House Judiciary hoghoused HB 1177, the distracted driving bill this week. Legislators kept the "We're not really Republicans!" part about trumping local control with state authority: HB 1177 now deems the Legislature "the exclusive regulator of all matters relating to distracted driving and use of electronic wireless communication devices in motor vehicles." (I want a t-shirt that says that: "Exclusive Regulator!")
But Speaker Gosch's bill has now morphed into a texting-while-driving ban. Writing, sending, or reading a text-based wireless communication a secondary offense. Under HB 1177, police couldn't pull you over for staring at your tiny screen instead of the road, but if you run over my child while typing "where r u," Smokey could write you an extra ticket.
HB 1177 still lets you fumble with your keypad as you try to type in or search for a phone number, because, you know, scrolling through your messy contact screen and punching in numbers is so much less distracting than typing other data.
The House said Wednesday that making texting a secondary offense is great. But Aberdeen city attorney Adam Altman isn't so sure HB 1177 can trump his town's more aggressive texting ban:
...Aberdeen’s texting ban is a primary offense, Altman said. That means a driver spotted texting can be pulled over for no other reason.
That’s why Aberdeen and other towns, including Sioux Falls, Rapid City, Huron, Spearfish, Sturgis, Elk Point and Dell Rapids, have all voiced opposition to the state texting proposal, Altman said. He said Aberdeen Police Chief Don Lanpher Jr. is also against the state bill.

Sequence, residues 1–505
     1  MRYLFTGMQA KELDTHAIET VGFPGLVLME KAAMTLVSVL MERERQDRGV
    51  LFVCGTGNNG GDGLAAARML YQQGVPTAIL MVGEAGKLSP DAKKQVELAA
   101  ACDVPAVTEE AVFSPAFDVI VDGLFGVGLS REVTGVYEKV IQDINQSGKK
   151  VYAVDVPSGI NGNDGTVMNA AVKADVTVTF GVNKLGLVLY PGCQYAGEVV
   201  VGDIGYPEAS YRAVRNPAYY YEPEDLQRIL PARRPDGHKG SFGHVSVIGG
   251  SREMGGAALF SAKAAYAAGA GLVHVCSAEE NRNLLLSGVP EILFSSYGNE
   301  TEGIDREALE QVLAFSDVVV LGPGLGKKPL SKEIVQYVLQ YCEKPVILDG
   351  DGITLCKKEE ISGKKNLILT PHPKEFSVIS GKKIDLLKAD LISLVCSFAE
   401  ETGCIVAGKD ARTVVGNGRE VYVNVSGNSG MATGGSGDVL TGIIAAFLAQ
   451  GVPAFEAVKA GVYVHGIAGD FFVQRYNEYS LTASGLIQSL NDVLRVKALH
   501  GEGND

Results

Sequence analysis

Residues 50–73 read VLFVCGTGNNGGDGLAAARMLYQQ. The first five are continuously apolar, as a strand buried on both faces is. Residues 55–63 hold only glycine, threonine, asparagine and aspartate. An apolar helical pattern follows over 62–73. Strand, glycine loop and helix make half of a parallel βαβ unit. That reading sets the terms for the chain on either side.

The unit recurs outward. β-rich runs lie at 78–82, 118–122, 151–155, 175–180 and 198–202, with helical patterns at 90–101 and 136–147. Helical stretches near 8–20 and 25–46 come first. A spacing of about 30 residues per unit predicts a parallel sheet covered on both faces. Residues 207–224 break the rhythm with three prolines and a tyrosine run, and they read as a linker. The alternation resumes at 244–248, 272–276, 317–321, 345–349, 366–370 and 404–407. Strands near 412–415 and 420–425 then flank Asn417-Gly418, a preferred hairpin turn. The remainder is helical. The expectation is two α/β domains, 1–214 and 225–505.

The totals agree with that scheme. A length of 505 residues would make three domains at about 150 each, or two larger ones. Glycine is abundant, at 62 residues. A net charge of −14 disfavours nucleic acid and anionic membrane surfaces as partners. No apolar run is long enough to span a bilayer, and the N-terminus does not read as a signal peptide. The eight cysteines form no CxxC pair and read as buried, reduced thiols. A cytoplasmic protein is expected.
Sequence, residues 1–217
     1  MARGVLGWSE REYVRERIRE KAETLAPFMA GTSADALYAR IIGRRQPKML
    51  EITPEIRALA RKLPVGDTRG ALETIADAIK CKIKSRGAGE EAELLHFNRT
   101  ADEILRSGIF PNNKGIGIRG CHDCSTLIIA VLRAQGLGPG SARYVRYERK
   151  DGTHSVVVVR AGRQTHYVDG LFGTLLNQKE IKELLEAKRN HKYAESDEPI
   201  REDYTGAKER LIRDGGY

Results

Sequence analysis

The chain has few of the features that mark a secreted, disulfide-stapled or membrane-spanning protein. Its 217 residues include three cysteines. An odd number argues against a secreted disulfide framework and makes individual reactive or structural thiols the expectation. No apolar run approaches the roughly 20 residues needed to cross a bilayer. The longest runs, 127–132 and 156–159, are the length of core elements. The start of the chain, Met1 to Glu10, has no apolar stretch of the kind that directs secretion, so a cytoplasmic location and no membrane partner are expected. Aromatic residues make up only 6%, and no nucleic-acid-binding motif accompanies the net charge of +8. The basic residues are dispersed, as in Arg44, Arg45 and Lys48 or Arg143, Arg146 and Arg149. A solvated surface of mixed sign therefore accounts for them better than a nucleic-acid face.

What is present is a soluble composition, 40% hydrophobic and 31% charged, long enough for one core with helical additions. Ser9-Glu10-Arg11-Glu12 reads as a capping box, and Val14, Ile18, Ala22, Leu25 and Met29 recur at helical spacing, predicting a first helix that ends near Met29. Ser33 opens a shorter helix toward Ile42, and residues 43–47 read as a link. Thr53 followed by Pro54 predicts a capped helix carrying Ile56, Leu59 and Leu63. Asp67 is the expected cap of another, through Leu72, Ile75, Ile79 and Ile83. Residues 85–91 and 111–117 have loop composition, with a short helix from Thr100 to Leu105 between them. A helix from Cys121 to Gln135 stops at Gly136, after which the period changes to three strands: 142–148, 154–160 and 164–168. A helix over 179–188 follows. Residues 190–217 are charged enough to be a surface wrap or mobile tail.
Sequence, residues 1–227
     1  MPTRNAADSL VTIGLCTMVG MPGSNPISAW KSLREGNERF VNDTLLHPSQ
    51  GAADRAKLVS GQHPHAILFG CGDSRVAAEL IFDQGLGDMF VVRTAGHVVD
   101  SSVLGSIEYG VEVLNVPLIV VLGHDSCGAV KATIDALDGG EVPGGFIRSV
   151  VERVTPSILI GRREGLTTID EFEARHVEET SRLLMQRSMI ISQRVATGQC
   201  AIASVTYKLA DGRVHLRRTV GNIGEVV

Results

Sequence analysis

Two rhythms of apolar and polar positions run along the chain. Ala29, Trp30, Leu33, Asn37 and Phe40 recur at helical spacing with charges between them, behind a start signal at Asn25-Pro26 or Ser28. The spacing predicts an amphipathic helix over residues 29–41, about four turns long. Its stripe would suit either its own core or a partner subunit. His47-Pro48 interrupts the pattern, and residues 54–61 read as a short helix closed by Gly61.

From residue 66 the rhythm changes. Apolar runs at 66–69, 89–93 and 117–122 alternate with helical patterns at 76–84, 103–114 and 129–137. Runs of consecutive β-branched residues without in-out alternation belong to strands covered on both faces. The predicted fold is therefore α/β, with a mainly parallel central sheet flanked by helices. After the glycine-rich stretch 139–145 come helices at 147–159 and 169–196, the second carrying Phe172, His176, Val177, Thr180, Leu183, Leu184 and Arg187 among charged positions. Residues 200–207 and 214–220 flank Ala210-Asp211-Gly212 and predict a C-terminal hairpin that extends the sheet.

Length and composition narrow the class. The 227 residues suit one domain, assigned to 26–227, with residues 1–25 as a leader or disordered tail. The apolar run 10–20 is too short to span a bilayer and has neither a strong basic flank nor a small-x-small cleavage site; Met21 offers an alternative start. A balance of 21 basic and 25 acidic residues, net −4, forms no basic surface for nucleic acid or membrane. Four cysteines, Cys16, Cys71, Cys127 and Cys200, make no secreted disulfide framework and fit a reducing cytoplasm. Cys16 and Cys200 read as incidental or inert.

“In general, we want the ability to make it a primary offense if the governing body so wishes,” Altman said of the communities opposed to the state measure.
The state text ban “not only says what the Legislature thinks, but tell us what we should think and how we should act,” he said.
Ultimately, Altman said, a judge might have to determine whether the state text ban would trump city bans already in place [Bob Mercer, "Texting Ban Passes House," Aberdeen American News, 2014.02.13].
The Legislature is creeping in the right direction, at least sending the message that people need to put down their toys and drive. When you're on the road, even the long road from the Capitol back home to constituents in Rapid City, Sioux Falls, and Aberdeen, keeping your eyes on the road is Job #1. Legislators should focus on enforcing that message and stop trying to take authority away from communities who feeling texting is an even greater danger than our legislators recognize.